-the silk browser, while generally pretty good and quick, often has problems with scripting and embedded media. It also has trouble with the widgets on the blog for whatever reason.
-battery life. For a tablet, its acceptable, which obviously uses a whole lot more power than an e-ink device. However, for an ereader, the battery is limiting, unless you are at home and can plug in all the time.
-DOES NOT READ .txt files, WTF AMAZON. Seriously. The Kindle Fire does not read text files. This is amazingly stupid.
-Locked down devices in general. Amazon’s insistence that you register, and obtain all content through them. I don’t seem to be able to side-load apps. In fact, there aren’t really apps available. That’s a shame, cause the fire could be more like a real tablet, despite it low cost hardware.
In sum: Based on my experience, and reviews from the pros, the Kindle Fire is pretty decent for the price, but is largely wasted potential. If it weren’t for the buggy usability issues, I would like it a lot more; it should be great for how I actually use it. Despite my complaint about the form factor, I do not want a full size tablet. Probably a Nexus 7 would be a better choice for me, but the fire integrates with Amazon (and our prime account) very nicely, is probably easier to use for those a little intimidated or new to this tech (more like apple products are), and is pretty much the cheapest tablet available.
So what about the Kindle Paperwhite?
I love the paperwhite. I can recommend it without reservation. It pretty much only does one thing, which is be the best ereader ever, but it does that one thing really well.
E-ink is pretty much like magic to me. I do not understand this display technology at all. However, it looks fantastic, and is very nice to read text on. The contrast and resolution are much better than the regular kindle, and the front light is a brilliant addition. (Quick explanation: the most common screens on electronic devices now are back lit LCD screens. The light is behind the screen and shining through, like your computer monitor. The paperwhite is an E-ink screen, not LCD. Its some magical different display technology. On the paperwhite, the light is actually in front of the screen, illuminating the surface. Its very well done, and looks distinctly different than a back lit screen. I really, really like it).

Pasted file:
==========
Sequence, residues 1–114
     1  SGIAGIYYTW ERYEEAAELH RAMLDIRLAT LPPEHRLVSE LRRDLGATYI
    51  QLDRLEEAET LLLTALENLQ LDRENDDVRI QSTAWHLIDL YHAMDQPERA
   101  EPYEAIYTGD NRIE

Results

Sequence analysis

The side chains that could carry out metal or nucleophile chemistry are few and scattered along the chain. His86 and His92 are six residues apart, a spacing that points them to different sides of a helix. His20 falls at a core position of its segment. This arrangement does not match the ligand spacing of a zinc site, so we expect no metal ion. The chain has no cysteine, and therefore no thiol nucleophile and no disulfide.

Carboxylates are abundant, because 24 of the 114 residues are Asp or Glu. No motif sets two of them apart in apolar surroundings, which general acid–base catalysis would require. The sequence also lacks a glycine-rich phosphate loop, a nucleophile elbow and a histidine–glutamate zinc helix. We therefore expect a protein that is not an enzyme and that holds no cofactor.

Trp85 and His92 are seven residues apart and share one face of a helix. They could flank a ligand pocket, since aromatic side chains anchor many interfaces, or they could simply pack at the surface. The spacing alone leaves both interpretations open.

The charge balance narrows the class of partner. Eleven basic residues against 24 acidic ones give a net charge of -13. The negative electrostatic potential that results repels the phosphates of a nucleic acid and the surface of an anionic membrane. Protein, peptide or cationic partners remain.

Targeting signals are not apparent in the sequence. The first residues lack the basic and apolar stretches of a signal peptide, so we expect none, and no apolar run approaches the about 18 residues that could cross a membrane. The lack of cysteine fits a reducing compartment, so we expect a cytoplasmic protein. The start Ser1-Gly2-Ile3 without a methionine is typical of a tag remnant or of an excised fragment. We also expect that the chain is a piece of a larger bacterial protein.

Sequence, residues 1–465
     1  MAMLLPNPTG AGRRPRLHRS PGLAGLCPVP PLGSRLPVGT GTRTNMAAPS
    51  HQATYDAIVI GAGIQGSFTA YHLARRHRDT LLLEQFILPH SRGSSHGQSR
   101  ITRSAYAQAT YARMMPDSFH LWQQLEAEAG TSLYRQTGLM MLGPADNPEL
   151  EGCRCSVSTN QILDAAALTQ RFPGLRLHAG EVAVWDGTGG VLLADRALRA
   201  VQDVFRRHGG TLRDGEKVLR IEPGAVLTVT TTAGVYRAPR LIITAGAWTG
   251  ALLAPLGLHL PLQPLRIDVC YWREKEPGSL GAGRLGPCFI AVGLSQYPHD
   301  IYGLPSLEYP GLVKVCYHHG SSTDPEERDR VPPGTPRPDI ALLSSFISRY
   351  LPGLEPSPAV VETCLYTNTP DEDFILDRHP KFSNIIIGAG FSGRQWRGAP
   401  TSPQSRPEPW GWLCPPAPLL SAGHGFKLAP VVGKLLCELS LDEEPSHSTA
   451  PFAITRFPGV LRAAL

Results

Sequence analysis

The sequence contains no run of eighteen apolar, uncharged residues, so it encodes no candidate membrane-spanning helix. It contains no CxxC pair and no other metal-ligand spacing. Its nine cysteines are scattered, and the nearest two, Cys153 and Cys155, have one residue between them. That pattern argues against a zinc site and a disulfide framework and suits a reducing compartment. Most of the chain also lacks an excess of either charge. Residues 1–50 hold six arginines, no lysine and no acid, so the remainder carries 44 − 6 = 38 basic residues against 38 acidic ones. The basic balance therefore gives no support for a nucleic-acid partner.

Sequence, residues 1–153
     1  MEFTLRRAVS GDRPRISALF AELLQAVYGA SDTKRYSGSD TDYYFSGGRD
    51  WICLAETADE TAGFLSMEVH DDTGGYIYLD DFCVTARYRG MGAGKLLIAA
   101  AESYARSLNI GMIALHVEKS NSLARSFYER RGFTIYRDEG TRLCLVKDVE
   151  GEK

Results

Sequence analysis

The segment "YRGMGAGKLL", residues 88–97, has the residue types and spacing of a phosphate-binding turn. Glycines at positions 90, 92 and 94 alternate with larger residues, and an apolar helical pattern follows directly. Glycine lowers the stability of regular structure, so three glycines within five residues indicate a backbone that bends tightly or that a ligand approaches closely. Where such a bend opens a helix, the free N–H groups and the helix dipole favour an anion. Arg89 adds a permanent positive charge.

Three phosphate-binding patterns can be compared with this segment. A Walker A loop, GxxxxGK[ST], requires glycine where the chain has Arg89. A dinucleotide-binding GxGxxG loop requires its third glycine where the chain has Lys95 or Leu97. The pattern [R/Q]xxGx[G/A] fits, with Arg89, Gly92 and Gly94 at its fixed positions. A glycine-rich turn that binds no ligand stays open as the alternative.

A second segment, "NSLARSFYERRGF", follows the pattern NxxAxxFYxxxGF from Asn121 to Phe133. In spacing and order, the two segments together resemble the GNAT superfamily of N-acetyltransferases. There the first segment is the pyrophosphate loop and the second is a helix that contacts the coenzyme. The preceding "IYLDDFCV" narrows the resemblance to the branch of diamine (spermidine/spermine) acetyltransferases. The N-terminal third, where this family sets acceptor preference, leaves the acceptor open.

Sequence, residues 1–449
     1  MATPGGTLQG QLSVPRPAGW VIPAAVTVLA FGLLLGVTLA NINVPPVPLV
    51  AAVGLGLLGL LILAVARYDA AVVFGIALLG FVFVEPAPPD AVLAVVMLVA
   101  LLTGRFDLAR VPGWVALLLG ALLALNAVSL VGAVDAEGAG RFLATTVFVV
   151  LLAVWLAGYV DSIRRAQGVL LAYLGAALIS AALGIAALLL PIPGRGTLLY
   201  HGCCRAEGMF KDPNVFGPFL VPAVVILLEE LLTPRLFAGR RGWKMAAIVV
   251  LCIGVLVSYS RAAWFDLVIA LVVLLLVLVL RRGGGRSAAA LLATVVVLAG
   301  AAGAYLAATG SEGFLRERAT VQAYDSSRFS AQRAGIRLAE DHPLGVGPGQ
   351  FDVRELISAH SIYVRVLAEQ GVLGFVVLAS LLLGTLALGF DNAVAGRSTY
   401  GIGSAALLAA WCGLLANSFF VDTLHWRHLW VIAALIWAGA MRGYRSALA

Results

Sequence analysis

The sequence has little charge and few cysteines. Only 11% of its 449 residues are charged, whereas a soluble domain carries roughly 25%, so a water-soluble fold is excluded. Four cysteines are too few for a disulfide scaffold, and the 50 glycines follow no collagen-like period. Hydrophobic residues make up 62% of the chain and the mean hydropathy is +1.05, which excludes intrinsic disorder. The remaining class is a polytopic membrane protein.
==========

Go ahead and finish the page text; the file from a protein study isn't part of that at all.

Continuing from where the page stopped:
+Physical design: Nice form factor. Good size and weight. Easy to hold, does not cause fatigue. Feels nice. Good material choices.
+Great screen for reading: Front lit E-ink makes the screen easy to see and read in all lighting conditions. This has got to be the best display technology for reading. Its better than an actual book.
+Easy to use. Touch screen only is excellent, which surprised me. I thought for sure I would want hardware buttons, but no. The interface is great (admittedly, it does require some brief instruction before use, but once explained, its dead simple).
+Battery life. This thing lasts forever and a day on a charge.
+reads .pdf and .txt files well, in addition to the ebook .mobi format.
+I have all the books I could ever want to read with me whenever I want.
-No color display.
-Is only an ereader. Does not make coffee. Oh well. (I don’t drink coffee anyway, so its cool.)
In sum, if I just want an ereader, I would buy another Kindle Paperwhite in a heartbeat. I love that piece of technology. If I want an ereader, plus other functions for content consumption only, I will shop for a tablet of some sort, maybe 7″ or maybe 10″, I’m not sure. I would not buy a Kindle Fire, unless they fix its numerous problems. To be fair, I’ve been using the fire to read every day. Once the books are on the device, the Fire works fine for just reading books. If you only purchase your content through your amazon account, download it wirelessly, and store it only on the Fire device itself, the Fire is great. However, dealing with the fire otherwise is frustrating, and generally, the Fire fails to live up to its other promises.